Report: Innovation in Irrigation Water Management for Sustainable Food Security Seminar, January 19-26, 2013, Pakistan



The Asian Productivity Organization (APO) based in Tokyo, Japan has sponsored a five-day international seminar on innovation in irrigation water management for sustainable food security in Islamabad, Pakistan to discuss issues related to managing irrigation water for sustainable use.

The said seminar will gather various experts from thirteen (13) countries to share their experiences on water management related to irrigation and food security. The event is a major breakthrough in food security and will hopefully turn the collaborative knowledge of various stakeholders into action, thereby leaving a visible impact on the economy of participating countries.

Currently not only Pakistan, but other Asian countries are experiencing the shrinking water resources. This is the reason why this issue will be discussed along with innovative approaches. Such approaches can help address the challenges of irrigated agriculture, which has the potential to produce more food with existing water resources, and prevent the deterioration of water quality through contamination by soil surface runoff, nutrients and agro-chemicals.

This international gathering comes with realization that achieving food security in the face of additional food demand could be possible through raising the productivity of existing irrigated farmlands, upgrading rain fed ecosystems and increasing international trade in food for overcoming food security issues in the future.

In view of the untapped food production potential of irrigated agriculture in the participating countries, raising productivity of this sector is the key consideration in producing additional food needed to feed the increasing human population. Hence, this international seminar.


At the end of this 5-day seminar, the participants shall be able to:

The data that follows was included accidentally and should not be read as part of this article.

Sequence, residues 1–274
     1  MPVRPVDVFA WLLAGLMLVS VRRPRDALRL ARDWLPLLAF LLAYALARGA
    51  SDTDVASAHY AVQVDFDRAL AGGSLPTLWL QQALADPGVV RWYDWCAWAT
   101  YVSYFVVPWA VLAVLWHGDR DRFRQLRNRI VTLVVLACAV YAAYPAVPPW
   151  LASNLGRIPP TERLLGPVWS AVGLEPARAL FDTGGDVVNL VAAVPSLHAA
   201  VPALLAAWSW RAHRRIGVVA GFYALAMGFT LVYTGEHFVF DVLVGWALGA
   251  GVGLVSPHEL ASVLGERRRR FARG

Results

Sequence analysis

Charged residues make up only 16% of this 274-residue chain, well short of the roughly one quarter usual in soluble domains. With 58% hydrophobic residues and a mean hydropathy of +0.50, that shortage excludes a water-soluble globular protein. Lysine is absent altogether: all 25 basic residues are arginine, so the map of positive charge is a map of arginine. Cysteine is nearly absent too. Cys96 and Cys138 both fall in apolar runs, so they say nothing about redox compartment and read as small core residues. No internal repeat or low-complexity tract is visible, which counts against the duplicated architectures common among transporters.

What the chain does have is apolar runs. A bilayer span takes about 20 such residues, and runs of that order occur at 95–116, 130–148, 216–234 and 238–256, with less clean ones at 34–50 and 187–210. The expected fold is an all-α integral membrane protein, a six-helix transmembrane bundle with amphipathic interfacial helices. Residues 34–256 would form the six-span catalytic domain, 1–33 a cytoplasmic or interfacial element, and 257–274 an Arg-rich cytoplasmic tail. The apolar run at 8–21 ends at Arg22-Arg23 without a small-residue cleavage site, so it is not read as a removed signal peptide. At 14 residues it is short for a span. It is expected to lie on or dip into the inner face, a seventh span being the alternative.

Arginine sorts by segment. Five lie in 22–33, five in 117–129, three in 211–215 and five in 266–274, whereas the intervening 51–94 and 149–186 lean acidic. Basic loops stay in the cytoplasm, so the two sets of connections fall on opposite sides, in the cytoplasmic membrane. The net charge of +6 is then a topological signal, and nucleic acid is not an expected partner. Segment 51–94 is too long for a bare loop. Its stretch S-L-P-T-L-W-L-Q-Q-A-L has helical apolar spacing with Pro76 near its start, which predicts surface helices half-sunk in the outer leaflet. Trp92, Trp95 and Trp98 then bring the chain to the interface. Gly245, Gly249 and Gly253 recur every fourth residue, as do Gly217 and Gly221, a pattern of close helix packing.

1.   Learn new ideas, new technologies, approaches and strategies on the use of irrigation water management for sustainable food security;

2.  Identify common issues and impediments among the country participants in improving the performance of irrigation systems;

3.   Formulate action plans to address the common issues and concerns with the participants;

4.   Promote knowledge and experience sharing with the participants and establish partnership and future collaborations.


A total of nineteen (19) participants attended the said five (5) day international seminar.  The participants came from the Philippines (1), Republic of China (2). Islamic Republic of Iran (2), Malaysia (1), Nepal (1), Pakistan (3), Sri Lanka (3), Thailand (2), Mongolia (1), Vietnam (1), Turkey (1) and South Korea (1). Of the total, fifteen (15) were connected with the Ministry of Agriculture and Irrigation Offices while four (4) were  University Professors, specializing  on irrigation management. Most are holding supervisory and managerial positions.


This 5-day seminar was organized by APO in collaboration with the Pakistan based National Productivity Organization (NPO), the United States-Department of Agriculture (USDA), the UN Food and Agriculture Organization (FAO), and UK based World Confederation of Productivity Science (WCPS). The Ministry of Food Security and Research of Pakistan was also a major organizer of the said event.

The participants were required to present and discuss current issues that could lead towards the formation of innovative strategies for investments in irrigation water management, infrastructure development, institutional reforms and capability building.

Field visits to some successful irrigation projects and interaction with the water user group and small scale irrigators associations in Pakistan was an exciting and unforgettable experience. Simply because of the best agricultural practices adopted by the local farmers in managing their water resources that largely contributed to their increased in food production and increased income.

Group exercises were also conducted by dividing the 19 participants, into two teams.


From the earliest civilizations to the present, all walks of life have depended on water for survival.  However, the current high water demand coupled with widespread pollution, the destruction of water resources, and global climate change, collectively espoused by the participants, now threaten this very precious resource.